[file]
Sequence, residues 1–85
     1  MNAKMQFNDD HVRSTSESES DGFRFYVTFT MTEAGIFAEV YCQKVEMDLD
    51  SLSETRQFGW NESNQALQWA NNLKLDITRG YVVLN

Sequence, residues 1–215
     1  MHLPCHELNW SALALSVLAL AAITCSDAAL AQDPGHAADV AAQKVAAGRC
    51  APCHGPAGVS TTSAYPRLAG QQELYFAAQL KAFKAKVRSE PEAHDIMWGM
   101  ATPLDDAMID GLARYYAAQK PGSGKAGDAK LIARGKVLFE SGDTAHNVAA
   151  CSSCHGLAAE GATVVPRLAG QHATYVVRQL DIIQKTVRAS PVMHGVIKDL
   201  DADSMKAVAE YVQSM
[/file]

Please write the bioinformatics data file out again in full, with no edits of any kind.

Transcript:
Sequence, residues 1–85
     1  MNAKMQFNDD HVRSTSESES DGFRFYVTFT MTEAGIFAEV YCQKVEMDLD
    51  SLSETRQFGW NESNQALQWA NNLKLDITRG YVVLN

Sequence, residues 1–215
     1  MHLPCHELNW SALALSVLAL AAITCSDAAL AQDPGHAADV AAQKVAAGRC
    51  APCHGPAGVS TTSAYPRLAG QQELYFAAQL KAFKAKVRSE PEAHDIMWGM
   101  ATPLDDAMID GLARYYAAQK PGSGKAGDAK LIARGKVLFE SGDTAHNVAA
   151  CSSCHGLAAE GATVVPRLAG QHATYVVRQL DIIQKTVRAS PVMHGVIKDL
   201  DADSMKAVAE YVQSM